The Latest Strains of Attacks on the Pharmaceutical and Healthcare Sector

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Cyber Attacks Continue to Plague the Pharmaceutical and Healthcare Industries That Remain Lucrative Targets

Schools were shut down due to high levels of absences and for sanitation purposes. Medical facilities were overflowing with patients. Visitor restrictions at hospitals and nursing facilities were in full force. Thankfully the flu season is starting to wind down, but this has been a particularly nasty episode. Several reasons have been cited, including the circulation of a particularly severe form of the flu virus that can cause more health complications, as well as local shortages and limited effectiveness of vaccines and antiviral medications against certain strains. 

But these aren’t the only types of attacks that the pharmaceutical and healthcare sectors have had to contend with. Cyber attacks, campaigns and security incidents continue to plague these industries that remain lucrative targets primarily because of the type of information they hold, including personal health information (PHI) such as medical records and insurance information, personally identifiable information (PII), and financial information. The value of this data to financially-motivated threat actors is evident by continued extortion attempts against companies in this sector and data breaches. Let’s look at a few recent examples.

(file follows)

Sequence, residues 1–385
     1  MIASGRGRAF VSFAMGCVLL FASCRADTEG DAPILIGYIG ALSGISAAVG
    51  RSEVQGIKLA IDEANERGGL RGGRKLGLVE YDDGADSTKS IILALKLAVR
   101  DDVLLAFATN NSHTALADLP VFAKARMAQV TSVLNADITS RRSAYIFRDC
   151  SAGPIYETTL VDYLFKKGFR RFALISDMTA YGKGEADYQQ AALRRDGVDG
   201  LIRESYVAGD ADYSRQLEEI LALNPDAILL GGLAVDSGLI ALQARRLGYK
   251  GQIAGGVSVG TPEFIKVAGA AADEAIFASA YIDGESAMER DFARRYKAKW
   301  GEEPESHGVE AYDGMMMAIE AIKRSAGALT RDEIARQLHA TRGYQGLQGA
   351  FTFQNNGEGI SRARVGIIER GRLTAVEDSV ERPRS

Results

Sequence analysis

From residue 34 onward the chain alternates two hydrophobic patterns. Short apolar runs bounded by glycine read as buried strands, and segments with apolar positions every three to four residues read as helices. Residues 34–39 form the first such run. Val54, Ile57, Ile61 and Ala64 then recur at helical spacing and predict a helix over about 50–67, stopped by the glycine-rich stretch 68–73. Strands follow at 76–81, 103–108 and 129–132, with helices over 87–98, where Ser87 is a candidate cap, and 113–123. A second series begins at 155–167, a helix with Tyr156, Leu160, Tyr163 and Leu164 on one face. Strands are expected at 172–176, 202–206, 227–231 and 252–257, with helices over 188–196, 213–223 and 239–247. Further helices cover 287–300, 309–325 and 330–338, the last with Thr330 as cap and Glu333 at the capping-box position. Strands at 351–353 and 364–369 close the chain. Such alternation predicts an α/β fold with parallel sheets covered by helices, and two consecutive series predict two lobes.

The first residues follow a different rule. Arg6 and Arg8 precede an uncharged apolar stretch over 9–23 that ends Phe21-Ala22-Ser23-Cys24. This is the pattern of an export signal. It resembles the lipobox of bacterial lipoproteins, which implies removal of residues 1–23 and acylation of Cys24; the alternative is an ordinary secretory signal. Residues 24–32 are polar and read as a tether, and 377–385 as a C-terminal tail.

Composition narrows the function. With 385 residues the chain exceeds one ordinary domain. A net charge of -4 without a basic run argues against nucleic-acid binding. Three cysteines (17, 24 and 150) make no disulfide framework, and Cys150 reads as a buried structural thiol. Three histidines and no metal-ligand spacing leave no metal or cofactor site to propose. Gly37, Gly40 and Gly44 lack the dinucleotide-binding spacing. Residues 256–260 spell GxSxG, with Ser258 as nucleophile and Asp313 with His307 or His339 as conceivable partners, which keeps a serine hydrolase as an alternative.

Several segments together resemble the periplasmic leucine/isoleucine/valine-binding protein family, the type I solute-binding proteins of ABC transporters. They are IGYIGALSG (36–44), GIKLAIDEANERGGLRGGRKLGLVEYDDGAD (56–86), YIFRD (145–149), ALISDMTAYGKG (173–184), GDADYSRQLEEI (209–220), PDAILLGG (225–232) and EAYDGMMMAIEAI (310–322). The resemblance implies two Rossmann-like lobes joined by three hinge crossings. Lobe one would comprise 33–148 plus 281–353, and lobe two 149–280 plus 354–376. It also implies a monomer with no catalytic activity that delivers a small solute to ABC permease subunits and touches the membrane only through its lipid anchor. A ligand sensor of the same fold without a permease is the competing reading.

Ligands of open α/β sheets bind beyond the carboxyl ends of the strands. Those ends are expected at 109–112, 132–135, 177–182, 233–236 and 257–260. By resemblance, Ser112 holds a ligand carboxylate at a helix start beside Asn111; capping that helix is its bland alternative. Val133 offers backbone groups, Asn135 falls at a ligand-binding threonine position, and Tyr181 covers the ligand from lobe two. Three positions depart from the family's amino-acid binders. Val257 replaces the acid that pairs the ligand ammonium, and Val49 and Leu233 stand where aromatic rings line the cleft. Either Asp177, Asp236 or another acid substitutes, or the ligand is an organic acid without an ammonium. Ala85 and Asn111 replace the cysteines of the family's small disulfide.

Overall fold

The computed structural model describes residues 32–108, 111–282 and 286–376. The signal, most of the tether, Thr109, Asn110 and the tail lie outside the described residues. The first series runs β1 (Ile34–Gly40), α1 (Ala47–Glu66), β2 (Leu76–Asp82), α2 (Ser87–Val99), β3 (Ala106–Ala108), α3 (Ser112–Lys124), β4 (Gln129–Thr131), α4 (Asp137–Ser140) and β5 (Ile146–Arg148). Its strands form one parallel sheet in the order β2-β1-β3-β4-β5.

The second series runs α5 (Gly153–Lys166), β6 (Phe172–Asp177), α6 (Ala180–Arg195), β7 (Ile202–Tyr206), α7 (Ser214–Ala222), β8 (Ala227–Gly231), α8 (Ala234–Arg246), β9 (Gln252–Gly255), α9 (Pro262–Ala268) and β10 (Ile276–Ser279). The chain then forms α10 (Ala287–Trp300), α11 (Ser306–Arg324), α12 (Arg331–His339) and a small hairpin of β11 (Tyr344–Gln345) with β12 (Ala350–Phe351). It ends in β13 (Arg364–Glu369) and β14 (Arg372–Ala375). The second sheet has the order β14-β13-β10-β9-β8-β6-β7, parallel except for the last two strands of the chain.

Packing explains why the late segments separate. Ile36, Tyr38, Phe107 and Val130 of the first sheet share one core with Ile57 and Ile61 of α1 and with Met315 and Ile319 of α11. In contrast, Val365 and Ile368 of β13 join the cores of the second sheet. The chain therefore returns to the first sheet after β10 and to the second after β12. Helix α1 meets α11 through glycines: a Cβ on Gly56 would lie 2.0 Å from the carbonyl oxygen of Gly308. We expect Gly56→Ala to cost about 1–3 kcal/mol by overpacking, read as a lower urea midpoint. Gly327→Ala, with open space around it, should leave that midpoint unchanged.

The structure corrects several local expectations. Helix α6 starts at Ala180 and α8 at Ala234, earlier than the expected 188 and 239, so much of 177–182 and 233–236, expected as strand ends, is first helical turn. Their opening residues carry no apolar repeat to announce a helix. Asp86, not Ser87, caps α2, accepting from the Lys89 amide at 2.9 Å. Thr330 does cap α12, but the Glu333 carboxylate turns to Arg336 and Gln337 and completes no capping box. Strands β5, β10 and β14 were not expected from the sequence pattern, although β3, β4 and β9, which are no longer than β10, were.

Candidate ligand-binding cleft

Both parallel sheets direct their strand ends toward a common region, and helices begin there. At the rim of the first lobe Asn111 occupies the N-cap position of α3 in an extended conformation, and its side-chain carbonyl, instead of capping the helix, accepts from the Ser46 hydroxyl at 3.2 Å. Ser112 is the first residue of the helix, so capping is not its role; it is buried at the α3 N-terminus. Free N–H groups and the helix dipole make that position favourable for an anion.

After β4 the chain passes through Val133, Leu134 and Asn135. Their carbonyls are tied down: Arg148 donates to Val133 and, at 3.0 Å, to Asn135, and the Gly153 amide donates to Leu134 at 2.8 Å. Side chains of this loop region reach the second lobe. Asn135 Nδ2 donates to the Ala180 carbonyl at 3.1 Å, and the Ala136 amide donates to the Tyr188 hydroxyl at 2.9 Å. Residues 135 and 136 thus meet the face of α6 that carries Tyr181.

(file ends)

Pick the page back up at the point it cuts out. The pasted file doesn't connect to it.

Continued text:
● Extortion attacks, the now infamous ransomware attacks we read about daily, are affecting all sectors and healthcare and pharmaceutical companies are not immune. The personal and sensitive information they hold, offer lucrative opportunities for threat actors to conduct identity theft, fraud and sell data to other threat actors. 

Last October the threat actor, thedarkoverlord, appears to have been hard at work. A U.S.-based clinic was the target of an attempted extortion attack following a data breach that contained PII and some health-related information. The threat group mentioned the attack on Twitter but there has been no indication that the data has been publicly released. Around the same time, there was another report of a U.K.-based healthcare clinic that suffered a data breach and received an extortion demand from thedarkoverlord. An unspecified amount of data was reportedly stolen, which included PII, as well as pre- and post-operative photographs. As in the first case, there has been no indication that the data is widely available – yet.

These are just two examples of the repeated attacks by thedarkoverlord against healthcare organizations. While details aren’t clear as to how they are able to gain access to victims’ networks, they have alluded to using zero-day exploits in remote desktop protocol (RDP) servers.